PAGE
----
I won't spell out what it is, but suffice it to say that I would imagine BigWill produces copious quantities of it every Friday night, aided by the consumption of much beer. ;-)

    Huw Evans.
    www.huwevans.freeuk.com
     
  13. Simon E.

    Simon E. Well-Known Member

    You don't need to wash a film for 20 mins. Why not use Ilford's washing procedure?

    Fill the tank with water at the same temperature as your dev/stop/fix.
    Invert 5 times. Drain.

    Repeat the above with 10, 20, 40 inversions.

    Then add a few drops of Rinse Aid or Ilfotol to a final tankfull (don't invert this one - you'll have soapy bubbles everywhere!). Some cheapskates use washing-up liquid, but I'd rather play safe. My last £2 250ml bottle of Ilfotol lasted about 5 years.

    A tip I read here to avoid drying marks: hang the film up, and *very* carefully run a paper tissue down the shiny side of the wet film, applying just enough pressure to touch the film, soaking up the water droplets.

    Before that, to remove excess water I shake the spiral vigorously while the film is still loaded.

    Some useful info in PDF format on Ilford's website, there's even one there called "process your first film":
    http://www.ilford.com/html/us_english/bw.html

    Simon.
     
  14. Simon E.

    Simon E. Well-Known Member

    ID-11 needs mixing up from powder, which is a pain. Why not try a small bottle of liquid dev? Paterson Aculux is a good all-rounder, they claim the same for FX-50, and FX39 works well with T-grain films like Delta and Tmax. I like Jessop Econotol 2 with Tmax400, though you need to downrate it by at least 1/2 stop.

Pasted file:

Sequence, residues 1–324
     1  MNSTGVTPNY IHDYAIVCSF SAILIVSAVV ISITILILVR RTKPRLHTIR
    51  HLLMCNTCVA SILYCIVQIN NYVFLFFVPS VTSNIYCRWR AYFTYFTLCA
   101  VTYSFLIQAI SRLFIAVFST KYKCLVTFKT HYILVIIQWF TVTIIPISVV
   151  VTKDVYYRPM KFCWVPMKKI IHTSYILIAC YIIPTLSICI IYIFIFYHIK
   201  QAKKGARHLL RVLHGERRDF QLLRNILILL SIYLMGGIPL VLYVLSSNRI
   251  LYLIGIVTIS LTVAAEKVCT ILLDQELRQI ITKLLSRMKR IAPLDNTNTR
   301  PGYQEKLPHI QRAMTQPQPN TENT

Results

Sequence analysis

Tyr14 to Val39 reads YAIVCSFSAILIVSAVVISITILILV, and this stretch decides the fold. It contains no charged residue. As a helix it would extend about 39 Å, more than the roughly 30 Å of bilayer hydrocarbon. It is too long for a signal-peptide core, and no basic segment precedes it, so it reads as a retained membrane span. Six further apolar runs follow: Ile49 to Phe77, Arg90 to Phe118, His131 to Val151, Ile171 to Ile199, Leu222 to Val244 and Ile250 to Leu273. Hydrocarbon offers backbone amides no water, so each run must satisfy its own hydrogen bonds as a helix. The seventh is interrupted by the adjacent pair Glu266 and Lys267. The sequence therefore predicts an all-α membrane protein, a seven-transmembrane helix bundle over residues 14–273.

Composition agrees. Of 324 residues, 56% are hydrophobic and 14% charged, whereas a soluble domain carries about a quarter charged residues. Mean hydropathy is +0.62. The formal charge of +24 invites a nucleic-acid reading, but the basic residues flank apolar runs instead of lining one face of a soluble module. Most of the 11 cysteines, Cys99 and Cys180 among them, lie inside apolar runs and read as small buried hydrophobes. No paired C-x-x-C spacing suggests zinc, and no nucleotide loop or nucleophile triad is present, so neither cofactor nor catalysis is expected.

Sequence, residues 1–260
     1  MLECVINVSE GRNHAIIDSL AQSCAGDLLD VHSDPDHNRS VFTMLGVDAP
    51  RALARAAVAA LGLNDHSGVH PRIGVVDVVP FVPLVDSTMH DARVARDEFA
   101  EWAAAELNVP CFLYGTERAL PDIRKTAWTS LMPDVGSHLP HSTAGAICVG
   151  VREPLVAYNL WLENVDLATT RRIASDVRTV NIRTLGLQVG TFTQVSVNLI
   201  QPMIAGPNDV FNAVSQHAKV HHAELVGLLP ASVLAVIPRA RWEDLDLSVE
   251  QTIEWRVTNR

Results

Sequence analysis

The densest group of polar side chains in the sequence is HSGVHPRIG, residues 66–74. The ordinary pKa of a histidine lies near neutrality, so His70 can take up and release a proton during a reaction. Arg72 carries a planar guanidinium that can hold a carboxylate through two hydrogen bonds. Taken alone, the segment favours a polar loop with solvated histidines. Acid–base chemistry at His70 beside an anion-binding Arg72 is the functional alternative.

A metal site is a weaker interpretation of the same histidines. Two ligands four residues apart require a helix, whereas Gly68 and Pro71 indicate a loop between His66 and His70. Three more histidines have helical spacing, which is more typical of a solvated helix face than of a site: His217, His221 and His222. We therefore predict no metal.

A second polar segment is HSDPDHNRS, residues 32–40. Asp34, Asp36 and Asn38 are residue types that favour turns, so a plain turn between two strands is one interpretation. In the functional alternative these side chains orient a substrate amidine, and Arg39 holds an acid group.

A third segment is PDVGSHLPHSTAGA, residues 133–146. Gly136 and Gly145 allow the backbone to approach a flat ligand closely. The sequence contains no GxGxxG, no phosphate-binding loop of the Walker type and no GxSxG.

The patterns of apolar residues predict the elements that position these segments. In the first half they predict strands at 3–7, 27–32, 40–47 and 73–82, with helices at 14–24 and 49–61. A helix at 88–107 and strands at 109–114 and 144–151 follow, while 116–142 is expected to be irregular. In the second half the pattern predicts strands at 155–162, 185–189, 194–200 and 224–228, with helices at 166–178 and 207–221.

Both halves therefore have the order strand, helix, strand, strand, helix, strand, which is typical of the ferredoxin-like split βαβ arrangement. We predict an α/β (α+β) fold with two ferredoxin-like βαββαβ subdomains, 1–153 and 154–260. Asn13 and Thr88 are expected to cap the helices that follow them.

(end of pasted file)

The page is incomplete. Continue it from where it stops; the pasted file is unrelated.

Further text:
Ilfosol-S works well with FP4. Ilford DD-X is now promoted as an all-round dev, though it's based on their speed-increasing formula Microphen, and unfortunately isn't very cheap. What about Ilford LC29? This can be used highly diluted, so will last a good while.

    To keep it cheap use Jessops' own Fixer and Stop Bath. I wouldn't really recommend a Universal film & print developer if you're fussy, though they work OK.

    Lots of alternatives, but if you like ID-11 go ahead. Remember you'll need a suitable container to store it. I use 1L accordian bottles, which you can compress down so hardly any air is left to oxidise the developer.

    Simon.
     
  15. robbybobby

    robbybobby Well-Known Member

    Thanks Simon. That's useful.
    Will I be able to buy developer, stop, fix and wetting agent for £15?

    Rob IRIPN

    If something's not worth doing, it's worth forgetting about.